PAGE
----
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Written by Jonny Routledge
According to the Global Digital Report 2019, UK adults are spending an average of 1 hour and 50 minutes on social media per day, with two in five Brits checking their phone within five minutes of waking up.
In this age of digital dependency, users are taking to social media to photograph, post and comment about their daily activities including everything from commuting complaints and what they ate for lunch, to their latest holiday snaps and what cute trick their pet learnt this week.
And now, businesses are turning to social media to not only showcase products and services, but to also find out more about its consumers, trends and sticking points through using social listening.
What is social listening?
Social listening is a way to open the door into the world’s largest focus group and gain people’s thoughts, opinions and emotions of your brand. It tracks conversations in the social sphere and therefore is a key component when it comes to the research and analysis of your audience’s needs and expectations.
What are the benefits of social listening?
Implementing social listening means you can monitor keywords relating to your brand in order to uncover conversations which may range from positive experiences to complaints.
This is an opportunity to up your customer service game to respond and rectify any issues whilst also keeping note of any recurring pain points.
On the other hand, even though many users take to social media to vent about their concerns and frustrations, a large group also post about how much they enjoyed an experience. Here is another opportunity to engage in a meaningful conversation while also receiving further feedback and encouraging a user to post about you again.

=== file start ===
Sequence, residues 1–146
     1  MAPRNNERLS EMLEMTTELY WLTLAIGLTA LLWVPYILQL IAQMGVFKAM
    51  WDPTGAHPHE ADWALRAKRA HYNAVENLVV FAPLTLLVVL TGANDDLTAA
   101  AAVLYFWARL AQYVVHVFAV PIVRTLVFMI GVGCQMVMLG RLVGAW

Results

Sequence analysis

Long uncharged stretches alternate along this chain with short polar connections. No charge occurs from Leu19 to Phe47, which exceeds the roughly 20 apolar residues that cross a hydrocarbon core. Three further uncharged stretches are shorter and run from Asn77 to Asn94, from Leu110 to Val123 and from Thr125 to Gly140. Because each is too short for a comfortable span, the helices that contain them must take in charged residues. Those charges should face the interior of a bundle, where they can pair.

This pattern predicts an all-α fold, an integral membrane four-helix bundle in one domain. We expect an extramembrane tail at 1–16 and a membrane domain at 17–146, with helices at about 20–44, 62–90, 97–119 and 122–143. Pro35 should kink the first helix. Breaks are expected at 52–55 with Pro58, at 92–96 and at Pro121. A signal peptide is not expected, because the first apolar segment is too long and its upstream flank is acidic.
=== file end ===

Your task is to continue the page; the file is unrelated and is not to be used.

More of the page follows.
Social listening is also a great way to create content for your own channels, whether directly about your brand or an industry-wide conversation. If your audience is talking about it then you should be too!
And now with influencers flooding social media platforms, especially Instagram, 76 per cent of people would trust recommendations posted by average people over and above brands, so user-generated content (UGC) has become a must in social media strategies.
With social listening, businesses can easily discover who is talking about them, the best shareable content and identify a potential brand influencer or advocate. Companies such as Wayfair and Wilko are now actively seeking UGC by creating hashtags for people to use if they give permission for their content to be re-posted.
Monitoring your brand’s mentions and engagement is the perfect way to gauge your audience’s thoughts and sentiment. With this analysis, businesses can understand the needs and expectations of its consumer and tweak its strategy accordingly.
Plus, if there is a sudden change in tone of those mentions and engagements it’s simple to evaluate the potential reasons through what’s happened within the business or industry and what has been posted on social media through brand or consumer channels.
Consumers who were contacted by a brand following a complaint are 33 per cent more likely to go back and leave a positive review. Through social listening tools, brands can set up their main competitors as keywords to ensure their news, mentions, feedback and most importantly, their responses are monitored and readily available. With this information you can do a like-for-like comparison of what you’re doing well, what your competitors are doing and consumer opinion.
Lastly, social listening can help businesses drive sales. By monitoring conversations on competitors or questions about your own brand, you can respond accordingly to help drive a potential sale through. With the use of this tool, the appropriate platform and audience can be identified – for example, LinkedIn is responsible for 80 per cent of B2B leads on social media, whereas Facebook and Instagram have a more B2C focus.
If you need help with your brand’s social listening strategy, why not give us a call on 0113 394 4580?